The war in eastern Ukraine is in a state of cease-fire after a deal reached in Minsk on February 12. But if the last ceasefire is any indication, this halt in hostilities won’t spell the end of the most severe geopolitical crisis between Russia and the West since the end of the Cold War.
The last attempt at a halt in fighting quickly fell apart, and the period of the cease-fire included a major battle over the Donestk airport and the shelling of the strategic city of Mariupol.
Yet eastern Ukraine is just one hotspot along a larger, continent-wide fault line. The border between Russia and NATO-allied Europe is dotted with pockets of instability including several separatist regions that Moscow and its allies support.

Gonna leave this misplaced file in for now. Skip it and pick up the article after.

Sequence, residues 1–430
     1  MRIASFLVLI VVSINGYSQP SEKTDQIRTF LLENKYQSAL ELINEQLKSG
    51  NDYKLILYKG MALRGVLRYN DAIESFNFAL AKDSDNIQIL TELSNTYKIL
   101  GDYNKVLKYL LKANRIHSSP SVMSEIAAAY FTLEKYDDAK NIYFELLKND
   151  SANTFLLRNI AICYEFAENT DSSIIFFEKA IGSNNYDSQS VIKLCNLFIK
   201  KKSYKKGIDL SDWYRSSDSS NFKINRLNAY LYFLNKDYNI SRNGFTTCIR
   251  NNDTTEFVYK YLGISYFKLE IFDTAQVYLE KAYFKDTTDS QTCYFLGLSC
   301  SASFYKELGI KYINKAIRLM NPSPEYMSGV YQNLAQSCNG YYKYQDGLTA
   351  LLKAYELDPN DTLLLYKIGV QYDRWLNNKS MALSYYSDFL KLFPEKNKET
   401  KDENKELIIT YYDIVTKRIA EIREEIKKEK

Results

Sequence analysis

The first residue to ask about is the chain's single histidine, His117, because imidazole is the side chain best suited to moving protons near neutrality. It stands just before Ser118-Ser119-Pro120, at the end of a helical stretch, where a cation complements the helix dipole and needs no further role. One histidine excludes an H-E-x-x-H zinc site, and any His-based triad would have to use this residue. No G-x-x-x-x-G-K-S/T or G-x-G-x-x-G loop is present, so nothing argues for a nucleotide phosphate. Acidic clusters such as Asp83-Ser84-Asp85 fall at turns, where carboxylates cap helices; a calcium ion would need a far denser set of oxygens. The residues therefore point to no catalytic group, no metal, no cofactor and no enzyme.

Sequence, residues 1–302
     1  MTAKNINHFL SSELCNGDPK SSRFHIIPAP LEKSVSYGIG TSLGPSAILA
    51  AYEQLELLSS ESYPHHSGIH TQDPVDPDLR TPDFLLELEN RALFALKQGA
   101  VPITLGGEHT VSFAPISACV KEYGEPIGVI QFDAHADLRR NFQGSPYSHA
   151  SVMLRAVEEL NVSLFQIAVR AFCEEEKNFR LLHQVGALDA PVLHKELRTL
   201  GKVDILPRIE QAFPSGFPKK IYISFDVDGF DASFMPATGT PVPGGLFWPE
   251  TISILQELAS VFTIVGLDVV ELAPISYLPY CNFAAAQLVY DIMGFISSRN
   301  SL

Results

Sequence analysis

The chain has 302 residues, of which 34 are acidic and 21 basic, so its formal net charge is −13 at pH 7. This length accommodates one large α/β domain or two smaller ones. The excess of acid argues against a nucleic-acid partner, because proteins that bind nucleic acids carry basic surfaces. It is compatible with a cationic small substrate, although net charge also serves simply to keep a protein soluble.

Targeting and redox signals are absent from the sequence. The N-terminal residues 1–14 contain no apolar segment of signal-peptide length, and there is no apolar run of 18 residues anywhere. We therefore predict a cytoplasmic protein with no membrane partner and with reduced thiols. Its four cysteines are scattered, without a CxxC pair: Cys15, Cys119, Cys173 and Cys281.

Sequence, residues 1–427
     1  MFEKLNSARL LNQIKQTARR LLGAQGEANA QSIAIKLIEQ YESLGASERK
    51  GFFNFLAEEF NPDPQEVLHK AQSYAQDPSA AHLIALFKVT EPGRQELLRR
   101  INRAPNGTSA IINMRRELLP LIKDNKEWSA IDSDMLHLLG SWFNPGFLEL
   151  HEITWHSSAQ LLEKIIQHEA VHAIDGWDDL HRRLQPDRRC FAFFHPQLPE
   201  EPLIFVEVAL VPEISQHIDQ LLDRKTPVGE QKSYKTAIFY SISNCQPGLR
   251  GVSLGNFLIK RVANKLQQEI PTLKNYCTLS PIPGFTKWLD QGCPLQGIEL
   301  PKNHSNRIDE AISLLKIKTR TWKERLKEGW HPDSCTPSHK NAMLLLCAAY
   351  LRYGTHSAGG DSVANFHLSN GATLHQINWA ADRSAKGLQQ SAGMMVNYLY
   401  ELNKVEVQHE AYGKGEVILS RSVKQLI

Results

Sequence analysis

The fact that Russia and the NATO states possess all but around 550 of the world’s estimated 17,100 nuclear weapons only raises the stakes.
This map depicts the larger confrontation between Russia and NATO and Europe’s return to Cold War power dynamics.
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